I know, you’re all wondering what these two quotes have to do with each other – but as a part-time grad student and part-time stay-at-home-mom, these are the people I’m reading right now. And it struck me that La Barre and Uebbing are basically giving the same message, but in two extremely different contexts: They are both saying, “Everything is normal. We’ve seen this before. There’s no need for alarm.” La Barre, we now know, was completely wrong in his assessment of the situation. At the moment, we have no way of knowing if Jenny is wrong too.
I find myself torn on how to react to Trump’s election and presidency, and the surrounding turmoil. If this is all due to deep divisions and polarization within the American people, when the two sides have become so far apart that their positions are almost mutually unintelligible, then I should do what I can to help build bridges, make connections, and bring us as a society back to a moderated, respectful dialogue. On the other hand, I think there’s a chance Trump’s presidency will actually challenge American democracy as we know it. And if that’s the case, then trying to establish a middle ground so that we can have conversations might actually end up making us collaborators with evil.
One way of resolving this tension, I think, is to go deeper in our conversations. I think many peoples’ perspectives are undergirded by the fear of what might happen. Will Trump’s immigration ban be extended to visa-holders of more countries? Will his vendetta against the “fake news” media end up curtailing free speech? Are these all small steps towards a fascist government takeover? The people I know who voted for Trump also had fears about the consequence of a Clinton presidency. Would churches be forced to change their theological positions or be penalized by supposedly anti-discrimination policy? Would parental choice in education be erased? Would I be persecuted for expressing my religious beliefs in the public sphere?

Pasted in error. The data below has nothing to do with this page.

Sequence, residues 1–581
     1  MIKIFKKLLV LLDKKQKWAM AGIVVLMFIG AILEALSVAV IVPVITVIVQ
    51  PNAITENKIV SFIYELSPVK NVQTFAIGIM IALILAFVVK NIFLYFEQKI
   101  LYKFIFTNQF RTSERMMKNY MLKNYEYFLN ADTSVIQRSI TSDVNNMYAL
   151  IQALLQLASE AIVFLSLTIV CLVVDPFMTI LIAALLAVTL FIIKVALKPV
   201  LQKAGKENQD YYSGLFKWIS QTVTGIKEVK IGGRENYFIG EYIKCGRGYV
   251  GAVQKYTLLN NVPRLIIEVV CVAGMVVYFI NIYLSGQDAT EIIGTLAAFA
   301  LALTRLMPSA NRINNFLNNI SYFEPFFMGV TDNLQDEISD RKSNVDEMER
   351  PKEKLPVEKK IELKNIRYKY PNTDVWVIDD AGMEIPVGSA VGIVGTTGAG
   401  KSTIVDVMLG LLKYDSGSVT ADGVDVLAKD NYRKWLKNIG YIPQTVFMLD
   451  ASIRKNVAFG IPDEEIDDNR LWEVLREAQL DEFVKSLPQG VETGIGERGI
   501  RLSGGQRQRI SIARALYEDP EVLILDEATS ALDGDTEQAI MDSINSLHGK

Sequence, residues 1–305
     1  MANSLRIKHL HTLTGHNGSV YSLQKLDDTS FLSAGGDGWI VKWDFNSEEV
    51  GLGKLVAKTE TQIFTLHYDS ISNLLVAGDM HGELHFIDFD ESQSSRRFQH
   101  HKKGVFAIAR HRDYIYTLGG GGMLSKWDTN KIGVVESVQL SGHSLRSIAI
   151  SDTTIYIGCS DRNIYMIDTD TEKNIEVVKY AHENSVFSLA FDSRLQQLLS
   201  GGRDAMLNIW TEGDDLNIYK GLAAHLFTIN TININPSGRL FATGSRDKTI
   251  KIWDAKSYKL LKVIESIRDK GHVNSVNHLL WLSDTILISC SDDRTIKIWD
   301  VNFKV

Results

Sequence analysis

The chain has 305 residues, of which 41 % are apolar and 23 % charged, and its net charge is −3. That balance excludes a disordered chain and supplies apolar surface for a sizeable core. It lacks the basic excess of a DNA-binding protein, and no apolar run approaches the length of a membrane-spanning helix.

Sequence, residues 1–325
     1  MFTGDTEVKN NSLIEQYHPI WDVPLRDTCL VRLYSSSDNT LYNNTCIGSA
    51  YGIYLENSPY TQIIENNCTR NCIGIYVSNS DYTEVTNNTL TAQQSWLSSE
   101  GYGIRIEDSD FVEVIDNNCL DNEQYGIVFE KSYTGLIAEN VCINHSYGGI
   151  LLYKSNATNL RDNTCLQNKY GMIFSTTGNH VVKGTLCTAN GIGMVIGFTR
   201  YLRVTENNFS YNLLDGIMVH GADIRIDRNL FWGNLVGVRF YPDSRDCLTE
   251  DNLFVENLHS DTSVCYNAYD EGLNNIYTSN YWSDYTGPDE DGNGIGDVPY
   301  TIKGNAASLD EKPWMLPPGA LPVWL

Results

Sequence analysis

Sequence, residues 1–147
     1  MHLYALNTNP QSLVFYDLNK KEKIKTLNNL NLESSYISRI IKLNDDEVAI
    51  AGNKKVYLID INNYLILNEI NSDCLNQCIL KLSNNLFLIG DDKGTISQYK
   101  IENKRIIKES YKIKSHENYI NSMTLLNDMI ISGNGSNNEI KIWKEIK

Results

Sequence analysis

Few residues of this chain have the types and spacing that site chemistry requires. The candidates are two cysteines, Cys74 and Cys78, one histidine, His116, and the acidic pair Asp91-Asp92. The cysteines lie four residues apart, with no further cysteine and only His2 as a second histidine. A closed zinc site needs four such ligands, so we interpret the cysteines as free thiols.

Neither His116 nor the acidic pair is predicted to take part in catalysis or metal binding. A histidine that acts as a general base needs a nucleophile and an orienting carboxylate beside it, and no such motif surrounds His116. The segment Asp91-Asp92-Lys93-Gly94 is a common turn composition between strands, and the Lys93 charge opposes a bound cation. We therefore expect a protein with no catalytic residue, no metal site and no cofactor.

For some reason, perhaps because we don’t want to come across as simply paranoid, we tend to keep these fears hidden. I propose, however, that becoming more vulnerable to each other, and describing our deepest fears, might actually help bring us together. One technique that has been useful to me has been to ask those who don’t currently see the need to oppose Trump’s actions: “What would cause you to speak up?” For example, if you are okay with the current travel ban, would you protest if it was extended to other countries? If it involved deportation of some categories of immigrants? If it involved deportation of all legal immigrants? Working backwards to find common ground like this could be disheartening, but I think it accomplishes two goals: if we’re not in a doomsday scenario right now, it helps us understand the ideological positions of others and the limits of their extremism (or what we perceive as their extremism), and allows us to find common ground. Worst-case scenario, it makes them declare their “line in the sand” before it actually becomes necessary – hopefully encouraging them to protest if it actually does.
Since my son’s birth, I’ve been singing him the same lullaby in Spanish every night. One verse stands out to me right now: Aunque te digan algunos que nada puede cambiar/Lucha por un mundo nuevo, lucha por la verdad. [Although some people may tell you that nothing can change, fight for a new world, fight for the truth.] The idea of change can offer hope, but it can also portend evil. Either way, we must work with the knowledge that everything can change.